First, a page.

- 2 lbs venison ideally 50% cuts with lots of connective tissue like shanks, ribs, and head, and 50% organ meat like liver, kidney and heart
- 2 quarts stock can just use the water you cook the venison in
- 2 cups cornmeal
- 1 onion chopped
- 1 tablespoon butter
- 1 tablespoon ground sage
- 1 tablespoon ground spicebush seed or black pepper
- 2 teaspoons salt
- In a large stock pot or pressure cooker caramelize the chopped onion in melted butter.
- Add your venison cuts and cover them with water or stock (about 2 quarts).
- Cook until the venison is falling off the bone. (In a stockpot this will take at least 3 hours. In a pressure cooker it will take about 40-50 minutes.)
- Remove the venison from the pot and let it cool before picking every scrap of meat and cartilage from the bones and collecting them in a separate bowl. Strain out the stock and set it aside.
- Feed the cooked venison scraps through a meat grinder or chop finely with a chef’s knife (this will not look appetizing AT ALL, but have faith)
- Add the ground venison paste to a large pot on the stovetop along with the stock and bring to a boil.
- After it reaches a boil, pour in the cornmeal and spices. Stir constantly while adding the cornmeal to avoid clumping.
- Cook this mixture until it becomes thick and bubbly. (One way to tell if it’s cooked down far enough is that you will start to get hit with blobs of scrapple magma that fly out of the pot as it bubbles. It will also pull away from the side of the pot as you stir)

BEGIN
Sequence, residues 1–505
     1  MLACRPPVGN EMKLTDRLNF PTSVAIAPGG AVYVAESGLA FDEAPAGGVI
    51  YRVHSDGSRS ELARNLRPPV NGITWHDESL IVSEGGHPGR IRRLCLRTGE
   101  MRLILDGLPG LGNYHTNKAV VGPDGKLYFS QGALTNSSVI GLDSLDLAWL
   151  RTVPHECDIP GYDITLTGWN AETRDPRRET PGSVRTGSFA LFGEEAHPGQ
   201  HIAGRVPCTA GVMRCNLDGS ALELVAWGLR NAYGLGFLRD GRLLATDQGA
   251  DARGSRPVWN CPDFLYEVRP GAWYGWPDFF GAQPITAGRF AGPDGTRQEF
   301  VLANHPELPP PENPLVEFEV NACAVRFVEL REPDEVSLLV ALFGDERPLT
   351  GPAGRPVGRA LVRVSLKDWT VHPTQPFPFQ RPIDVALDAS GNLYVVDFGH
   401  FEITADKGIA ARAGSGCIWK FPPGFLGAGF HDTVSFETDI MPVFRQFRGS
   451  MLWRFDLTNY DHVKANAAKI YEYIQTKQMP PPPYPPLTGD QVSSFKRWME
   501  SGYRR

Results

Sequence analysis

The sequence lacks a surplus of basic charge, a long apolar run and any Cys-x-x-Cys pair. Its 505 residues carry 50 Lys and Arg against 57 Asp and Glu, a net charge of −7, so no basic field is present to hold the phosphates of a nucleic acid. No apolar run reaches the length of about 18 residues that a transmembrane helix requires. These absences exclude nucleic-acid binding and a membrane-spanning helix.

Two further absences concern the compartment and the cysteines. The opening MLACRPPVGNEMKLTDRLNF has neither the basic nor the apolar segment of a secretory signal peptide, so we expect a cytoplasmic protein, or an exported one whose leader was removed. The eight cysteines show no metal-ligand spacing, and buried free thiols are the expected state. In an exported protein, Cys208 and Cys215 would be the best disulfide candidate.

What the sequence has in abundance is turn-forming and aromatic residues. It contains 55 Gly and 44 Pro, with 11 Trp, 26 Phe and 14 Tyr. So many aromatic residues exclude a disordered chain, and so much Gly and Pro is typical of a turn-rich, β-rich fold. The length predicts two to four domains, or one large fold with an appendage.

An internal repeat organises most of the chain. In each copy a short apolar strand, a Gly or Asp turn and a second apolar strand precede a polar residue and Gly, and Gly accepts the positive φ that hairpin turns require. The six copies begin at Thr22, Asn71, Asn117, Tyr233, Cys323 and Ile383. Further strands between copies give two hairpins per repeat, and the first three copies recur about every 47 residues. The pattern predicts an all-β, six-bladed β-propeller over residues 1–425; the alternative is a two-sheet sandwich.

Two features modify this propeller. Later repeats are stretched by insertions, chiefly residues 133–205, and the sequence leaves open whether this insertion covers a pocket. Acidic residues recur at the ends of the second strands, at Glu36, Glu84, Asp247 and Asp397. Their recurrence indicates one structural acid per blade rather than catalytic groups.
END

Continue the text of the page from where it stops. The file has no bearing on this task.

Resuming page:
- Once it has thickened up nicely, pour the mash into aluminum loaf pans and place in the refrigerator overnight.
- After the scrapple has set up overnight, it will form a solid block which you can cut slabs off of to fry in butter or oil. Enjoy!
- For long-term storage you can cover the loaf pans in aluminum foil and freeze them.
Although scrapple is not likely to be featured in gourmet food magazines anytime soon, the people who eat it consider it a delicacy. My mom told me a story about when my uncle was a kid and their grandparents took him to dinner at a restaurant for a special occasion. They told him he could order anything on the menu so when the server came to the table he asked for the most delicious food he could think of, a plate of scrapple. Ignorant to its origins, my sisters and I had a similar understanding of scrapple being a delicacy as kids.
I no longer eat meat from commercially produced animals so in order to keep this food in my life and maximize the use of our deer while living off the land, Silvan and I have started making it with venison. The following recipe is not an exact replica of the scrapple that I grew up with, but it is a close second and fills the scrapple sized hole left in my heart when I stopped eating it. We hope you’ll give this recipe a try with your next deer to cut down on waste and expand your culinary horizons!